The Davis Enterprise: August 28, 2009
Davis Bicycles! column #25
Author: Joe Krovoza
Joe Krovoza, who tunes up and takes care of eight bicycles for his Davis family of four, pumps some air into one of the tires Thursday morning before everyone leaves for work and school. Bike fleet managers like himself have excellent support in Davis, Krovoza says, with plenty of options for equipment and repairs.
FRED GLADDIS/ENTERPRISE PHOTO
There are lots of jobs in every Davis household. There’s Take Out Recycling, Get Mail and usually Rodent Control. One job doesn’t get proper recognition: Fleet Manager.
As family members head back to school and into new fall activities, it’s the manager of the bicycle fleet who needs some recognition. Fleet managers are on the front line of Davis culture, and their performance can be scrutinized. A flat just minutes before school will start? Not good. Junior needs bail due to a failed bike light? Invariably, the fleet manager takes the fall.
I am our fleet manager. This household job supports my engineer-wannabe alter-ego. I use evenings to collect reports from my users and to prepare for the morning rush. I can avoid the dishes if I disappear into the garage to work on a bike. Fixing kickstands, tightening basket brackets and charging battery lights are best done the night before. Making sure each bike has its user’s helmet and lock ready is key. How they get mixed up I’ll never know. An organized area of the garage for bikes is a huge start.
Essentials: Get a good pump and register bikes (see box) to prevent theft and aid recovery.
With locks, I have made my greatest breakthrough. We use only combination locks, and all are set to a family combination. Locks get mixed up and bikes are retrieved by others without any combo confusion. U-locks are essential for bikes locked overnight in public.
My second greatest innovation involves tire tube selection. I gradually replaced standard tubes with thorn-proofs because the thicker rubber holds air much, much longer. Low tire pressure leads to an unhappy clientele and frequent pumping.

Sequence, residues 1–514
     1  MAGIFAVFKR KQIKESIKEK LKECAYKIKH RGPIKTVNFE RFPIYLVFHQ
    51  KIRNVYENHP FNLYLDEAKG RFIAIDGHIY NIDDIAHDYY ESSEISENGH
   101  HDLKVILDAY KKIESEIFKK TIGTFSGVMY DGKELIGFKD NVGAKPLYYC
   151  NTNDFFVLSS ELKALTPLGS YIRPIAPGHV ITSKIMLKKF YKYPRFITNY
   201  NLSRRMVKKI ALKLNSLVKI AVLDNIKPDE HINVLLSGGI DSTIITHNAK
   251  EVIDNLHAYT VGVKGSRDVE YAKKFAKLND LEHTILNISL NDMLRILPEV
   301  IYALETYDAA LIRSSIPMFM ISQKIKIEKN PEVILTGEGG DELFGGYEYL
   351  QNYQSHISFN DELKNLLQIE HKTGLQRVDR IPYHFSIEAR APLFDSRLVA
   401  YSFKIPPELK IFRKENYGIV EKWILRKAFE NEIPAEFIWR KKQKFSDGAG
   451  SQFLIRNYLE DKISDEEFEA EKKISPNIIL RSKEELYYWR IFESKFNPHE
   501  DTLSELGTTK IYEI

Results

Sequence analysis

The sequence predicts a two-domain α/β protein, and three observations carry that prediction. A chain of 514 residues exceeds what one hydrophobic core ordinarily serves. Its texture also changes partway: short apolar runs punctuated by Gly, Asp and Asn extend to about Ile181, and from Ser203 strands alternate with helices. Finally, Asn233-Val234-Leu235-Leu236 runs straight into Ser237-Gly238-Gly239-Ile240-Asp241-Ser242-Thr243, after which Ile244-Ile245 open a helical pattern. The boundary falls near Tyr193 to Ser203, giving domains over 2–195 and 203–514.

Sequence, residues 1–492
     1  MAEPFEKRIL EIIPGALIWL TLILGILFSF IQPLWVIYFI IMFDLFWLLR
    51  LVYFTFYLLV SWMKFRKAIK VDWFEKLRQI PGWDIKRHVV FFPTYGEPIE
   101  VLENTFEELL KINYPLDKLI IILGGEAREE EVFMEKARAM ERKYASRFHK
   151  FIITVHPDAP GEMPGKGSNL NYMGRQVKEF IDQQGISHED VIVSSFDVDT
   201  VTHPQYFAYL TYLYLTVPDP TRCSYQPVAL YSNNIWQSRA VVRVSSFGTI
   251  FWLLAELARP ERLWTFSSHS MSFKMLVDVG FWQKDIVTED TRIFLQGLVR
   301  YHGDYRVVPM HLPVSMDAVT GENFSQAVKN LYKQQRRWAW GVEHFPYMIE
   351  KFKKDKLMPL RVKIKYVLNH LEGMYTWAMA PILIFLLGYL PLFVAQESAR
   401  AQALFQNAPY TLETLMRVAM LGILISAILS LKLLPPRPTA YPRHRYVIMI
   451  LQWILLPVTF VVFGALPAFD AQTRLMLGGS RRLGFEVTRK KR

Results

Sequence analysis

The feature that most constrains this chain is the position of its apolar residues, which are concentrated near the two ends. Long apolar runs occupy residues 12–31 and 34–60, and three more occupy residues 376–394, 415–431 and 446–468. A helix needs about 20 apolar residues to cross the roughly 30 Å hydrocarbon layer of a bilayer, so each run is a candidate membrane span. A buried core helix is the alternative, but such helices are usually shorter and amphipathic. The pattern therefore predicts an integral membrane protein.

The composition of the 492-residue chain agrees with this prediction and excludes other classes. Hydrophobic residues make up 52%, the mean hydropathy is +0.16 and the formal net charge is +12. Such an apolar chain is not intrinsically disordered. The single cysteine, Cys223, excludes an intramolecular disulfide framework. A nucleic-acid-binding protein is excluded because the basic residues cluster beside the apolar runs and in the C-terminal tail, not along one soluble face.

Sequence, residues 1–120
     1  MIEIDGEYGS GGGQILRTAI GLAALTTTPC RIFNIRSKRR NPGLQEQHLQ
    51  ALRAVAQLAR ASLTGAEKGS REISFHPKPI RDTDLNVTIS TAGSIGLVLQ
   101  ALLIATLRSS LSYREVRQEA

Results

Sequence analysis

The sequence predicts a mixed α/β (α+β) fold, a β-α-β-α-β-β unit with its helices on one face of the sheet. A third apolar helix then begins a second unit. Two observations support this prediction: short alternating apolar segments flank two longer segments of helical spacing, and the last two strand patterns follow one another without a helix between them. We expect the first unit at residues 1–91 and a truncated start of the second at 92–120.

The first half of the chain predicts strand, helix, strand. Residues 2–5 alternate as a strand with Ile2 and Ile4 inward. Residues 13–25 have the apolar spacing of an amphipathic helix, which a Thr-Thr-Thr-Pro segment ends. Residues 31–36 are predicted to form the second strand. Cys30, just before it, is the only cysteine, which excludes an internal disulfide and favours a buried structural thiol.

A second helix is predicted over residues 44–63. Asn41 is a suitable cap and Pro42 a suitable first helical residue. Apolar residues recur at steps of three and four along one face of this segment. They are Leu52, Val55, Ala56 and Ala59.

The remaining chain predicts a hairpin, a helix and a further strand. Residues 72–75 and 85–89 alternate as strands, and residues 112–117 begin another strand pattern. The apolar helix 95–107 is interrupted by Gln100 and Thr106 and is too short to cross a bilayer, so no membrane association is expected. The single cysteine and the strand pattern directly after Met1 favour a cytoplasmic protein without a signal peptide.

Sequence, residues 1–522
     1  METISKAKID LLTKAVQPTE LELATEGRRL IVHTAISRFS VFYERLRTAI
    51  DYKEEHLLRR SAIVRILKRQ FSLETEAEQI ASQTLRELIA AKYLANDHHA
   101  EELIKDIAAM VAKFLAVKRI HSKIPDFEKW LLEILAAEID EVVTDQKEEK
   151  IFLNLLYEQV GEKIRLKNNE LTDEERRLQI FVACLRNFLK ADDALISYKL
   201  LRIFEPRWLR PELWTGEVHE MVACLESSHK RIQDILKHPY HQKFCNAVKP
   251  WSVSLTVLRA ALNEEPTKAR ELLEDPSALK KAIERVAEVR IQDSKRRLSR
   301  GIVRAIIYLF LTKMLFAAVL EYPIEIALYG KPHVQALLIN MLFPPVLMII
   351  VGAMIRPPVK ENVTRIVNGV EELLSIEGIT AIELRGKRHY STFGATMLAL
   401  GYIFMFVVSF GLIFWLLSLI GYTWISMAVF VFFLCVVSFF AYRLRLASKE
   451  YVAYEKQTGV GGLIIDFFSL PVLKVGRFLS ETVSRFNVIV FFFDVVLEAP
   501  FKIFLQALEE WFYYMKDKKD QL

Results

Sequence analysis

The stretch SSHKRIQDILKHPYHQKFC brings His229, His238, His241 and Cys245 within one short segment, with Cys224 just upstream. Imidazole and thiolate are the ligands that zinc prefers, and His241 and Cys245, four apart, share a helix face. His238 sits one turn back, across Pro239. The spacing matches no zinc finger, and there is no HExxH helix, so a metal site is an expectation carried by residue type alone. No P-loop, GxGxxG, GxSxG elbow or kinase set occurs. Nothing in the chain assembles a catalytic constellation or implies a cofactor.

Extras keep my fleet users pedaling. We have a few extra locks handy since they seem to end up lent or left behind. We also keep an extra bike ready, or two or three. When there isn’t time for a repair, the extra bike prevents a parent from becoming a chauffeur. This bike has to be pretty universal. A women’s frame, adjustable seat and good basket maximize its “just in time” utility. The extra is great when kids’ friends are over and need a bike.
We also use our extra to indoctrinate I mean “lend to” out-of-towners. Their puzzlement usually converts to an enjoyable ride. Consider offering an extra to a neighboring fleet manager.
Serious inspections are part of the job. I ride my users’ bikes. Brakes OK? Gears shifting? What’s rattling? If you see an adult looking goofy on a child’s bike, assume they are a conscientious fleet manager.
This brings me to an observation. I recommend that parents keep assessing when their offspring are ready for another bike. This isn’t necessarily about size, but rather about style! Would fewer kids stop biking in high school if their bike matched their style? (Not that adults would choose a car based on style!)
Davis fleet managers have excellent support. The most empowering is Bike Forth, our new bike co-op on Fourth Street at L Street. This enterprise moved from gown to town after its first incarnation as the UC Davis Bike Church.
Bring your bikes, make a small donation, and use their tools and recycled parts to tune up your fleet. Bring an apprentice to train so you can start delegating duties. Use Bike Forth to convert a derailleur bike to a sleek single-speed, or to perform a tricky repair that requires guidance.
Also, King High School’s Bike Shop is accepting bike and part donations now, and will start fixing bikes as part of its instruction on Sept. 8. Use our fine bike shops when outsourcing in needed.
Of anywhere in Davis, Davis High School should have a bike shop and class. Supplementing King High’s program, Da Vinci High is following suit. Santa Cruz has a popular high school bike class. Would more than 26 percent of DHS students bike to school if they had a good bike shop? (At DHS, 64 percent drive/are driven, 26 percent bike, 5 percent walk, 4 percent take the bus.)
Keeping the fleet going can feel expensive in time and money. When this strikes me, I think of what we save by avoiding car payments and not buying more gas.
I like my family being more active and independent because our fleet is in service around town.
Joe Krovoza manages a fleet of eight bikes for a family of four, plus one dog, two rabbits and a bird.